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alaska northern lights .jpg

 One of the high points of your trip to Alaska is the astonishing sight of the Alaska Northern Lights. Inuit call the Northern Lights aqsarniit, or "football players.” They say the Alaska Northern Lights, or Aurora Borealis, represent the spirits of the dead playing football with a walrus head. Legend even has it that the Northern Lights might come down and grab children.

The phantasmagorical mythology about the Aurora Borealis is justified by the vibrant images that float dreamily across Alaska’s ebony night sky.

The Alaska Aurora Borealis is an incredible sight you do not want to miss.

According to Science Magazine, Alaska is the best place in the world to see these wonderful lights, which is one more reason to book a trip.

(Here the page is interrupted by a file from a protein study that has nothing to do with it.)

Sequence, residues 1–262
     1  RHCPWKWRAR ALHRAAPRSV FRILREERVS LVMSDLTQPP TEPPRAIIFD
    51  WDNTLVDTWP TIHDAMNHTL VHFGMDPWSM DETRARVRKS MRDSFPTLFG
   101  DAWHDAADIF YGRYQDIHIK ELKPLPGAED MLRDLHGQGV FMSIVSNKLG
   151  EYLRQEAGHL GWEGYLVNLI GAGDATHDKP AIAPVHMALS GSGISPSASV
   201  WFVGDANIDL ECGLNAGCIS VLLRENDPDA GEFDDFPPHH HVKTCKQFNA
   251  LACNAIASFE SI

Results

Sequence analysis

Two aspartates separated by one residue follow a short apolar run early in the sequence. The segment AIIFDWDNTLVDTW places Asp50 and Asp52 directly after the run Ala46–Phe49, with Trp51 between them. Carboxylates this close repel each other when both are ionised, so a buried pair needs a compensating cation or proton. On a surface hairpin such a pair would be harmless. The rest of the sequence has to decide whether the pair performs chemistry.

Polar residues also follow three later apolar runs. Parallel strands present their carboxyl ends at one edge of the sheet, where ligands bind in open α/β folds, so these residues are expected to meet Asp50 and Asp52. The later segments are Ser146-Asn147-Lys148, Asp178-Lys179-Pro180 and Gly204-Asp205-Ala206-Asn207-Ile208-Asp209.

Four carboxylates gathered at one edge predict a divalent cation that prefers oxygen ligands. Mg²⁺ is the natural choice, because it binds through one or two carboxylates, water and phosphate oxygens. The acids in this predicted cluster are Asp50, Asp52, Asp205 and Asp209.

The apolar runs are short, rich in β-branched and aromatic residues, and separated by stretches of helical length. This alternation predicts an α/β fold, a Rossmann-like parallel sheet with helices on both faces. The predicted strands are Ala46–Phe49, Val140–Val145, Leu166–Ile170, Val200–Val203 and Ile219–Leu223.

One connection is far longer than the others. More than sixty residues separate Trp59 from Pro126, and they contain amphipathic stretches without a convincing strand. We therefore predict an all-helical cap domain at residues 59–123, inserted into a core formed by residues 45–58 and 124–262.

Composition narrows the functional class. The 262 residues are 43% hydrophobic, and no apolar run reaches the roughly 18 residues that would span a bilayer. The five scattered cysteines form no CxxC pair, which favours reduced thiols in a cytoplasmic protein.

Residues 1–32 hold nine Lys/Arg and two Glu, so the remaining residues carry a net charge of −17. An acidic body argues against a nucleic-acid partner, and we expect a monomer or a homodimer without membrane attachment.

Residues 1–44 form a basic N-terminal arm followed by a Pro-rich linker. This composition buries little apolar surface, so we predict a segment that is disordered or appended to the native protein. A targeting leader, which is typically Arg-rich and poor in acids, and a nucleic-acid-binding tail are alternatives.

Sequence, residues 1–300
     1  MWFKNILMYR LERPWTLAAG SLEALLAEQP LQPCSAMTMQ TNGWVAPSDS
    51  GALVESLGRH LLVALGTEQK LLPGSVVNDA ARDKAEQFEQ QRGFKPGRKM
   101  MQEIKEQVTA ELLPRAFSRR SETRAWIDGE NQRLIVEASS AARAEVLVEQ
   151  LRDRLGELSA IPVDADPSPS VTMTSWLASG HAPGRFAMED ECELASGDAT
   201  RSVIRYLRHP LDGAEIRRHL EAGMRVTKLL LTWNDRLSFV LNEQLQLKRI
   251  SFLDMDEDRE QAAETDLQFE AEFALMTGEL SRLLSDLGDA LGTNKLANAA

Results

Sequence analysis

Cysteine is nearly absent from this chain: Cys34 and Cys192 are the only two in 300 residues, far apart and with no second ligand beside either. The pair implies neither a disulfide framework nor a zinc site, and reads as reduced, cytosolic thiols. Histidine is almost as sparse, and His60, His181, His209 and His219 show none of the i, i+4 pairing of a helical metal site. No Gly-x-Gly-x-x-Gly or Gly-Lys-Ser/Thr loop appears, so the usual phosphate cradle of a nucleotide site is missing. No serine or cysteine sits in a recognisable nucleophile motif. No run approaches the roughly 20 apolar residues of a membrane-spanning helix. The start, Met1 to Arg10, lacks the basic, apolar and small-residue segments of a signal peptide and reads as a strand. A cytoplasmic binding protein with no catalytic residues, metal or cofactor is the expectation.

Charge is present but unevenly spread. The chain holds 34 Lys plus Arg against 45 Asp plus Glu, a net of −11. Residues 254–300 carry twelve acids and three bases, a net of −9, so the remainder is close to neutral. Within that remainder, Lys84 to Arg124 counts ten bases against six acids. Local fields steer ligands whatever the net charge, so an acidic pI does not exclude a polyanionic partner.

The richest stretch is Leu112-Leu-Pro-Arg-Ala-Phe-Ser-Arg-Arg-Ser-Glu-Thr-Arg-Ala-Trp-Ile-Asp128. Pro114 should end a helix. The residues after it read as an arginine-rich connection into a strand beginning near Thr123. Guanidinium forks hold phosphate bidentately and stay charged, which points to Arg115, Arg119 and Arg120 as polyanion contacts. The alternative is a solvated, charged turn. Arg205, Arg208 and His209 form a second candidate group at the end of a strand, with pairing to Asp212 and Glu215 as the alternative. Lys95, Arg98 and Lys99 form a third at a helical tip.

That’s why we have a few easy steps to follow so that you, too, can be among the sky gazers who have seen the magnificence of the Alaska Northern Lights.

Book Your Voyage to Alaska

This seems like an obvious step, but you can’t see Alaska’s Northern Lights without traveling to this marvelous, wild, and wonderful place.

Come on. You know you’ve always wanted to see "The Last Frontier,” so go ahead and make your plans. If you truly want to see the Northern Lights, they’re practically a staple of the deep obsidian Alaska night sky.

Even the scientific name – aurora borealis – is beautiful, portending something mystical and magical. They are a colorful, ethereal presence in the heavenly Alaska firmament that almost defies description. 

But we’ll try.